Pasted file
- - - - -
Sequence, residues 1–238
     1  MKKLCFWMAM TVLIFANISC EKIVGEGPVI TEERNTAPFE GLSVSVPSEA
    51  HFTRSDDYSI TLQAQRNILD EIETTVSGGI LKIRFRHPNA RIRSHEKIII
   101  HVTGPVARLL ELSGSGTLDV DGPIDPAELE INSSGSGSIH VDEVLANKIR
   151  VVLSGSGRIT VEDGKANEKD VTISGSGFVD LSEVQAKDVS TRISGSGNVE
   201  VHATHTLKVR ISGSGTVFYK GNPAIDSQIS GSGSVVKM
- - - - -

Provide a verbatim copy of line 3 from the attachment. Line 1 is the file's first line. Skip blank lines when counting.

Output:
    51  HFTRSDDYSI TLQAQRNILD EIETTVSGGI LKIRFRHPNA RIRSHEKIII